And here on a sunny Chicago morning, is the story of how an Englewood High School grad became the first black syndicated cartoonist in America.
Born in St. Louis, E. Simms Campbell got his start in Chicago as an editorial cartoonist for Englewood High School’s student newspaper. He attended the University of Chicago at age 14, later studying at the Art Institute of Chicago.
After the Art Institute, he headed back to St. Louis looking for work.
“The next thing I knew I was waiting table on a dining car. It was a let-down, of course, but it was the making of me in this field,” he said. “Up to then my work had been shallow, but I learned from my fellow waiters how close man can be to his fellow men. After this discovery my character began to develop and I began to paint and draw people as they really looked. Oh, I could always draw, but I was a failure as an artist till I became a successful dining-car waiter.”
He started getting work at St. Louis ad agencies before heading to New York to try his hand at magazine illustration.
While some biographers recount Campbell having trouble as a black man getting his work past magazines’ receptionists, Campbell recalls that some timely introductions by working commercial artists he knew soon gave him regular, if low-paying, work.
But this isn’t a story about “Hey, a black guy did this too.” Black or white, Elmer Simms Campbell was, simply put, the best.
Take it from the words of Esquire founder Arnold Gingrich upon first seeing Campbell’s work at the latter’s Harlem apartment. Gingrich had been sent there by a white artist he had pursued, but couldn’t afford.
“I wanted to yell Eureka, because I saw at a glance that my troubles were over,” Gingrich said.
Gingrich was fond of saying that for the magazine’s first few decades, every issue contained a Campbell cartoon. Not true, but close. Campbell was selling work to magazines across the nation, but had particular sway in molding Esquire’s cartoon style.
His was the work Esquire showed applicants. His were the gags he sold to other cartoonists when he didn’t have time to draw up something funny he thought up. He even created the magazine mascot, Esky.
Back in Chicago, he was a regular illustrator for the jazz-age magazine The Chicagoan. It was a 1920s stab at the popularity and format of The New Yorker. It lasted from 1926 to 1935, still offering ads and articles aimed at the fur-and-fashion brigade even during the heights of the Depression.
The site of The Chicagoan’s original office is now a TGIFriday’s.
Campbell’s work for The Chicagoan was mostly full-page gag cartoons featuring The Chicagoan’s wealthy white target audience. He did occasionally delve into more challenging terrain, such as penning and illustrating an article on New York’s Harlem nightlife and Deco-influenced artwork celebrating Chicago’s less-fashionable neighborhoods.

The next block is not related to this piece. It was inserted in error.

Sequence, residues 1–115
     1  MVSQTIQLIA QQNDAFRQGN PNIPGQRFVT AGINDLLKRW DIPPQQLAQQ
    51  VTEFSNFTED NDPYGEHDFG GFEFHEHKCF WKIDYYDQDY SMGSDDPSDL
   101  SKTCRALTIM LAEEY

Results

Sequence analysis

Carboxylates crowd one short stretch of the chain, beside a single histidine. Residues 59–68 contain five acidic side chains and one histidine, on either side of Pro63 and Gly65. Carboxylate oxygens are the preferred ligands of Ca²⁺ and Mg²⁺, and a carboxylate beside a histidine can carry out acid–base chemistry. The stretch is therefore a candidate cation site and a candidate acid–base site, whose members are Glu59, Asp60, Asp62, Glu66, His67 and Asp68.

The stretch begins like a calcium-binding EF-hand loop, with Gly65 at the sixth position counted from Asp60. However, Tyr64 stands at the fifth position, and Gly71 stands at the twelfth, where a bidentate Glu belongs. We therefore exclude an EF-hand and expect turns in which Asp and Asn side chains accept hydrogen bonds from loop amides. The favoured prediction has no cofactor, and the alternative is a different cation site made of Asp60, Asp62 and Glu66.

Campbell was part of the Harlem Renaissance crowd, illustrating a book of Sterling Brown’s poetry and a children’s book written by Arna Bontemps and Langston Hughes.
His biggest commercial success though was a syndicated comic called Cuties, which featured buxom white women in mildly tawdry situations. Cuties started in Esquire in 1933, but hit its stride during the 1940s, with the titular cuties dealing with servicemen boyfriends, rationing kisses and typical WWII-era man-catching gags. It was syndicated by King Features into the 1960s.
Although this makes Campbell, not Morrie Turner as I previously thought, the first black syndicated cartoonist*, a black man drawing half-nude white women was a queasy topic in mid-century America. His photo appeared in Blatz beer ads and he wrote openly about being black in America, so Campbell’s race wasn’t hidden. It wasn’t advertised either.
“[M]agazines weren’t wired for sound, so drawings would not carry any trace of any kind of accent,” Esquire’s Gingrich said of Campbell’s hiring in the ’30s.
Campbell’s work could be blatant or subtle, a slap-in-the-face gag with a half-naked harem girl in Playboy or a gut-punch Rockwell-esque look at a black woman at a salon picking from a book of blonde styles.
When Esquire switched over to photography in the ‘60s, Campbell hopped over to Playboy. By this time, he was living in Switzerland, telling Ebony in 1966 that he had the quiet life of “a little old winemaker.” (This claim is undercut a bit by parties with Cab Calloway and Dizzie Gillespie, but we’ll let Elmer have his rest.)
He moved back to the States after his wife died. He died in White Plains, New York, in 1971.
So that’s E. Simms Campbell, the Harlem Renaissance illustrator who made his fortune drawing gags about rich white people. The man who called Cab and Langston his friends and Esky and Cuties his creations.
“I’m a cat who came out of St. Louis, like to drink whisky, like to see my friends, and don’t like no stiff-ass people,” Campbell told the Ebony reporter visiting his Swiss home in 1966. “But since you’re an O.K. cat and I like you, go ahead and ask me anything you want to know.”
* I should say “openly black syndicated cartoonist.” George Herriman, creator of Krazy Kat in 1913, hid his multi-racial heritage.